We’ve all experienced it: that dreaded I-can’t-keep-my-eyes-open-through-this-meeting feeling. What is it about 2:30 that makes us so sleepy? When that all-too-familiar midday slump hits, would a power nap solve our afternoon anguish?
Many of us find ourselves longing for a nap to help recharge after a late night, early morning or even a heavy lunch. But we’re often hesitant to give in because the following questions leave us scratching our heads: How long should I nap? Will I wake up even groggier? What if my nap makes it impossible to sleep tonight?
We tracked down the answers to all of those questions and then put together a handy cheat sheet for pulling off the ultimate power nap.
The Science Behind Daytime Sleepiness
First let’s consider what may prompt you to feel sleepy during the day. According to neurologist and sleep health expert Dr. Sujay Kansagra, there are two main factors working within your internal clock that determine how sleepy you feel:
- Homeostatic sleep drive: The longer you’re awake, the more chemicals build up in your brain, eventually telling you that it's time to go to sleep.
- Circadian rhythm: This 24-hour sleep-wake system works to keep you awake during certain times of the day, while making you feel sleepy at other times.
When either of these processes becomes misaligned, it causes sleepiness and that nagging midday desire to rest when you would usually be awake.
Timing Is Everything
Scientists have determined that the length of your nap has a direct correlation with how you feel when you wake up. Researchers from NASA determined that “pilots who slept in the cockpit for 26 minutes showed alertness improvements of up to 54% and job-performance improvements of 34%, compared to pilots who didn't nap.” Based on these and similar findings, it looks like the ideal power nap that leaves you waking up feeling rejuvenated should last between 10 and 20 minutes.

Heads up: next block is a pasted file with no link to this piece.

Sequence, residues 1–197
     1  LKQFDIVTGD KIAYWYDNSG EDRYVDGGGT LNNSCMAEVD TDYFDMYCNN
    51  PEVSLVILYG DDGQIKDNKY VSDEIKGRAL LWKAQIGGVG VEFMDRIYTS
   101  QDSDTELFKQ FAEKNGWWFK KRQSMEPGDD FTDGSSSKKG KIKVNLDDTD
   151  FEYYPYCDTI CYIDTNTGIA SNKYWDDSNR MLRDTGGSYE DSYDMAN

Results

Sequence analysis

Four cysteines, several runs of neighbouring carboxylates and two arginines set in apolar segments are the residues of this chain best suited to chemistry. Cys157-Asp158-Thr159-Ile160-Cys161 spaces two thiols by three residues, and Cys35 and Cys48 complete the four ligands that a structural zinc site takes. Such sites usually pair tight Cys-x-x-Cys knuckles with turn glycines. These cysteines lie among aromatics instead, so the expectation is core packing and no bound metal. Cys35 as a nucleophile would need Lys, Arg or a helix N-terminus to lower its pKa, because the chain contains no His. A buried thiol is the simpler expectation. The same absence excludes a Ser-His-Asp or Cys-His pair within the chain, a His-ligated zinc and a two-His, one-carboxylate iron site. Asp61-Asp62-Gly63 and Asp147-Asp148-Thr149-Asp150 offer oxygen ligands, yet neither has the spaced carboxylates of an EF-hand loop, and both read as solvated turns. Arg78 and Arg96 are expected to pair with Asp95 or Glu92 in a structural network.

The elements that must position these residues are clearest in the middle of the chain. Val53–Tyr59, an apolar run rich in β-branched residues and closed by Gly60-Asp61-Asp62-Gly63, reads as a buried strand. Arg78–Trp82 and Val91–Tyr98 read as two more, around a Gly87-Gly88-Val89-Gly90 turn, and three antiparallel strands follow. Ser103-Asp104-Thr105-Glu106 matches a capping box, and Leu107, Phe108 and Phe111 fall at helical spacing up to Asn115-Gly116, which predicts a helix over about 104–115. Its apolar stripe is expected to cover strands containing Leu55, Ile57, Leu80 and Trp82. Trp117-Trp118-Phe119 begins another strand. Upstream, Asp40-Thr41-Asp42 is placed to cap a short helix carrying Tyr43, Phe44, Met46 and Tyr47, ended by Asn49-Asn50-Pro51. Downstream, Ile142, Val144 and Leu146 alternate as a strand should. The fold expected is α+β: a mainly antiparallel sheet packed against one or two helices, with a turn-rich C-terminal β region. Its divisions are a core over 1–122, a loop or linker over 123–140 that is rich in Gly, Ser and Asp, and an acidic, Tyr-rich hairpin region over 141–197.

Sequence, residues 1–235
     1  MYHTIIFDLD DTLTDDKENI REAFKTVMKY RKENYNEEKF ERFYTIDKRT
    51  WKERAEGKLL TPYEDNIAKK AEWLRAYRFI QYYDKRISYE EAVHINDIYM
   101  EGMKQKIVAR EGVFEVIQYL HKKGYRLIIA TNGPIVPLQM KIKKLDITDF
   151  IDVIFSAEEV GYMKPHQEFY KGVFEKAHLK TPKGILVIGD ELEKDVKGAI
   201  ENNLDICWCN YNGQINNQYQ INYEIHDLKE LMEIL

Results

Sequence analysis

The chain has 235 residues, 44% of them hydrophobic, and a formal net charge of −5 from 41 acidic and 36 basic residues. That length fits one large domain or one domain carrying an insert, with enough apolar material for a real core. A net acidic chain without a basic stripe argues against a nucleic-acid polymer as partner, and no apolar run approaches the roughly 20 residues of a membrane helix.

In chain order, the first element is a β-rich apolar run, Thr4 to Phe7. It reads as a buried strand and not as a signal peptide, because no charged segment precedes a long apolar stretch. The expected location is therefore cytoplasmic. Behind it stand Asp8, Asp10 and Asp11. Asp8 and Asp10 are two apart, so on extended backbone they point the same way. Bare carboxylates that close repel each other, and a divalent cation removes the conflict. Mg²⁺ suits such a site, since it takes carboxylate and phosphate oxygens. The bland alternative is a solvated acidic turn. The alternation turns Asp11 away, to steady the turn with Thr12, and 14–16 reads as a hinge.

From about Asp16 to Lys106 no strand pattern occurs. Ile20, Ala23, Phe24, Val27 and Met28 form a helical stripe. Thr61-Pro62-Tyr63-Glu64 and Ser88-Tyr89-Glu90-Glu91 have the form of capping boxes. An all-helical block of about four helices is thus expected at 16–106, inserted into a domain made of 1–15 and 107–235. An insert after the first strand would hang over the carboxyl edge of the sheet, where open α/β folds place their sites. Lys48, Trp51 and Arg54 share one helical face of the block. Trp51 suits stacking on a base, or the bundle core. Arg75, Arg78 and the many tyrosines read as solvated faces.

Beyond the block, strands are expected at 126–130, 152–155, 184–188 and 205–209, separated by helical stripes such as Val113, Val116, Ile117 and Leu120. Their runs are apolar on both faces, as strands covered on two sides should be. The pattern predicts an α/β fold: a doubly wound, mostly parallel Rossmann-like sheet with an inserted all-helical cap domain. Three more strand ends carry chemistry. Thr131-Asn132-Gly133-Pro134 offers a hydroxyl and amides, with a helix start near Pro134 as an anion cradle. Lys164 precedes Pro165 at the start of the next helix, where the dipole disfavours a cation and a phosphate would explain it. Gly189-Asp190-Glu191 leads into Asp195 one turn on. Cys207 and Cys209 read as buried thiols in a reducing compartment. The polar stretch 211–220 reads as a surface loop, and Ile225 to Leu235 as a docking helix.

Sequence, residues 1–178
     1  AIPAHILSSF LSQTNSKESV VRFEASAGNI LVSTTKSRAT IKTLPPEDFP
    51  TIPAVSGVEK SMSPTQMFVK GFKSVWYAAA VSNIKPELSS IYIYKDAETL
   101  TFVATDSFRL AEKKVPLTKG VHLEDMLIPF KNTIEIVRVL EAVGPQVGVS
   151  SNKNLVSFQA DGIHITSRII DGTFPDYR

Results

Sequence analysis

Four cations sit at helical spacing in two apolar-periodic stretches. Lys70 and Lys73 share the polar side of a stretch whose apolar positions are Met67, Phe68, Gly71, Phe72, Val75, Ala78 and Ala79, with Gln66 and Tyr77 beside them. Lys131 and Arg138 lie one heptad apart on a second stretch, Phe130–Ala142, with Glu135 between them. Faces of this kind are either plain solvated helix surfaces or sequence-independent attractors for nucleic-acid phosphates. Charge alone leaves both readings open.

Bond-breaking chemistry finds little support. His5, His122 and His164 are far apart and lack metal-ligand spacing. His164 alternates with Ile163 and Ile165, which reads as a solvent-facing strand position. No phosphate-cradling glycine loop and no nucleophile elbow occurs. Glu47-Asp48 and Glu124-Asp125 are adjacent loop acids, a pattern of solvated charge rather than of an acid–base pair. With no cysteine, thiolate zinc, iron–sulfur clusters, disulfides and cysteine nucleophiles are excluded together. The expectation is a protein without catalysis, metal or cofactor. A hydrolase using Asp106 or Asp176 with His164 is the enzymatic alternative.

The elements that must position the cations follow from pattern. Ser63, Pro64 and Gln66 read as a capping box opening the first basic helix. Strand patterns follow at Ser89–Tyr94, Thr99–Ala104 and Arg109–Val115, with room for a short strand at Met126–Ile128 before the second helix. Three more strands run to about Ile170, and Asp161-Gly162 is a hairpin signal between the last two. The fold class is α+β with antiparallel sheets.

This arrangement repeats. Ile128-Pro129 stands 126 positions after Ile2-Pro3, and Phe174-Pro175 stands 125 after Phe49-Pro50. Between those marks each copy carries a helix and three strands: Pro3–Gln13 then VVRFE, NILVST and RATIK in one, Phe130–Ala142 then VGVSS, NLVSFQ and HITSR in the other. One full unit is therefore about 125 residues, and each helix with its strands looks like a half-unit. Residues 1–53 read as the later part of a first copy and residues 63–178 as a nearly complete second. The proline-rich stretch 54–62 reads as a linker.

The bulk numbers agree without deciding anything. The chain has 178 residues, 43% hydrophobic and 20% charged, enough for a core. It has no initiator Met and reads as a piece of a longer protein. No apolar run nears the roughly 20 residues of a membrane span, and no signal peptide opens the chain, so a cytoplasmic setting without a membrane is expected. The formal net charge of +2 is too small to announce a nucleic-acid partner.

Sleeping longer than a half-hour puts you at risk of triggering rapid eye movement (REM) sleep. Meanwhile, a 90-minute nap will move you through an entire sleep cycle, which can leave you feeling more groggy and cranky than when you laid down for a nap in the first place. Entering into a new sleep cycle gives you no added benefits, and it throws off your circadian rhythm.
One final note when it comes to timing: Plan to snooze as early in the afternoon as possible. Pushing your power nap too close to bedtime (anytime after 3 p.m.) will only confuse your body, upsetting its natural rhythms.
How Daytime Naps Affect Nighttime Sleep
Napping is best reserved for times when you’re sleep-deprived from the night prior. In cases like that, a short nap can help you power through your day. Just don’t forget to keep it brief. Making up for lost nighttime sleep with long daytime naps throws off your circadian rhythm, which ends up making you feel more tired.
If you aren’t sleep-deprived but just feeling sluggish, it’s best to skip the afternoon snooze because unnecessary napping can affect your ability to sleep at night. In general, it’s best to have one long, solid stretch of sleep at night versus a couple “pockets” throughout a 24-hour cycle.
Your Cheat Sheet to the Ultimate Power Nap
Before sending you off on your (very quick) voyage to afternoon la la land, remember to keep these rules in mind:
- Don’t snooze for too long. Anything past 20 minutes will send you into deeper sleep, and you’ll feel groggy upon waking.
- When timing your nap, remember “eight is great.” The sweet spot is smack-dab in the middle of your wake cycle: eight hours after waking and eight hours before bedtime.
- Rest your head—literally. Make sure it’s well supported by a pillow, especially if your nap nook consists of only a chair.
- Set an alarm. Knowing you’ll receive a wake-up alert eliminates any anxiety about oversleeping.
- Snap out of sleep quickly. As tempting as it is to hit snooze or delay the inevitable with a few scrolls through your phone, it’s best to immediately get up, refresh with a quick spray of facial mist and expose yourself to natural daylight. That way, your mind and body know it isn’t bedtime.
- It sounds counterintuitive, but consider taking a “coffee nap.” If you enjoy a quick cup immediately before shutting your eyes, the caffeine won’t kick in for 20 or 30 minutes—precisely the time you want to wake up and feel alert, anyway.